VW Golf Alltrack
If you don't want an SUV as a towcar and aren't keen on an estate either than Volkswagen might have the perfect solution in the VW Golf Alltrack. Lesley Harris takes a closer look.
An SUV is not the first choice of towcar for everyone, so what options are available if you need a practical family car with four-wheel drive?
Well, you could take a look at the new Volkswagen Golf Alltrack. First launched in 2015, the Alltrack is a standalone model in the Golf line-up, with VW pitching it as a crossover between the Estate and an SUV.
Comfort – 75%
It is definitely more rugged in appearance than the regular estate, with distinctive front and rear bumpers, chunky wheel arch protection and side skirt protection. The Alltrack has also been given an extra 15mm ride height, allowing more ground clearance for off-road driving.
At the front, it proudly sports the Alltrack badge along with LED ‘Plus’ headlights. And there’s a nifty LED light strip that extends across the radiator grille, creating continuous illumination between the headlamps. Another smart feature is the ‘X’ formation of LED front fog lights. Chrome trim and roof bars finish off the look.
Once inside, apart from the logo-clad seats and steering wheel, it’s pretty much standard Golf fare. The seats are supportive and well bolstered, keeping you snug while driving. And there’s plenty of room for both driver and passenger, with lots of adjustment in both seat and steering wheel.
Interior materials are decent up front and, as in all Golf variants, the dash is dominated by the large, 10in touch-sensitive infotainment screen.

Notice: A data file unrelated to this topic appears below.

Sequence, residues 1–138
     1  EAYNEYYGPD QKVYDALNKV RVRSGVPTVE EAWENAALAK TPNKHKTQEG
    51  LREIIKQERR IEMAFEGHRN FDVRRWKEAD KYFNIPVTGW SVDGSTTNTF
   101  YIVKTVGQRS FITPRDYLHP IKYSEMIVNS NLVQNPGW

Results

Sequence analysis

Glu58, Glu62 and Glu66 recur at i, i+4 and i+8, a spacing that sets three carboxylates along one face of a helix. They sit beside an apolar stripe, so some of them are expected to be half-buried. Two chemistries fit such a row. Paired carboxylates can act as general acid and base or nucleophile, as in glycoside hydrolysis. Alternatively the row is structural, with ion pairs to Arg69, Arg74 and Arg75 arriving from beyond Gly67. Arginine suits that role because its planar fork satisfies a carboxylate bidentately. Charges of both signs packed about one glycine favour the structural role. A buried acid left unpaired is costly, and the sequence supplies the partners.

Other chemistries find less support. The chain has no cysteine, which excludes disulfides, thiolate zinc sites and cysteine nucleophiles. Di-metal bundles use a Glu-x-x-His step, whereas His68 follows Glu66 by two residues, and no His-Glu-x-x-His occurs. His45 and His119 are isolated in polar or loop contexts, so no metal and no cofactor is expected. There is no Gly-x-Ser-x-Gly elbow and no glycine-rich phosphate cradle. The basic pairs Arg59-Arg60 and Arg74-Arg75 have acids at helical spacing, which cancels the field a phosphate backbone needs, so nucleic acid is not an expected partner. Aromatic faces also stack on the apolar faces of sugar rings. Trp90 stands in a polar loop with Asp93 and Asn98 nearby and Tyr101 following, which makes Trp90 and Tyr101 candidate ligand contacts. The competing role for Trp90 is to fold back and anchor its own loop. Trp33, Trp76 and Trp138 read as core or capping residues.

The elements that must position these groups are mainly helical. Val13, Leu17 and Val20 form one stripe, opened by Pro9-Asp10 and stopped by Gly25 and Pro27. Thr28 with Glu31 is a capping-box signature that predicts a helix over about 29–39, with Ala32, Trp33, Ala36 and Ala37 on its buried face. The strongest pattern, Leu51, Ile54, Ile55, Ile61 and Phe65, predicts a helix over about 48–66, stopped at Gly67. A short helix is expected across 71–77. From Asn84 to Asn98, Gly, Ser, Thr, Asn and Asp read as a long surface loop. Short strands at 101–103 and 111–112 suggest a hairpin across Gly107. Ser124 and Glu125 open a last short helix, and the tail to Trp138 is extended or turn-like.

The Alltrack comes with all the same tech as you get in the hatch: digital cockpit, DAB radio, cruise control, sat-nav etc. There’s also wireless or USB-C charging depending on your device, and, of course, a host of safety features, such as Adaptive Cruise Control, Side Assist and Travel Assist.
In the rear, passengers will be pleased with the amount of space on offer. There’s loads of head and leg room, the middle seat is comfortable, and there’s plenty of foot space too. However, you’ll quickly notice the distinct lack of premium materials used at the back, with hard plastics in evidence from the tops of the doors to the centre console.
Driving – 80%
As the Alltrack is a unique model, there are no engine and gearbox options: it comes with Volkswagen’s tried-and-tested 2.0TDi unit, offering 197bhp and 400Nm of torque, mated to a seven-speed DSG automatic gearbox, so there is plenty of power on tap when needed. It also gets the 4MOTION 4WD system as standard – which will help you on muddy pitches or snow-covered tracks!
It’s reassuringly Golf-like to drive, so there are no major surprises. And even with the increased ride height, it still maintains composure on some of the twistier roads. Slogging through town traffic won’t give you too much trouble either; great visibility and nicely weighted steering make tight manoeuvres easy.
Our test car was fitted with optional 18in wheels, and the ride was a little harsh, especially over rougher surfaces. On smoother asphalt, it was fairly comfortable but, again, larger tyres produced noticeable road noise.
Towing – 70%
When it came to towing, the Alltrack didn’t behave as well as anticipated. Again, it could have been due to the large wheels, but the ride when hitched was fairly bouncy at lower speeds, and there was more movement in the caravan than hoped for.
It didn’t improve much on the open road: on the faster A roads, it felt strangely vague and not very reassuring; and on the motorway, there was too much buffeting by passing vehicles or when overtaking.
However, the engine delivered its power smoothly and efficiently, hauling the caravan up steep inclines without missing a beat. And overtaking was easy enough despite the slight swaying.
The boot is a great size and will hold all your family caravanning luggage and some, with 611 litres rising to 1,642 litres with seats folded.
Verdict – 75%
If you really need four-wheel drive and don’t want an SUV, then the Alltrack is worth a look. But, for many, the regular estate would be a better option. You’ll save yourself around £4k on the list price, and benefit from better fuel economy (although I still achieved better-than-average fuel figures on this test).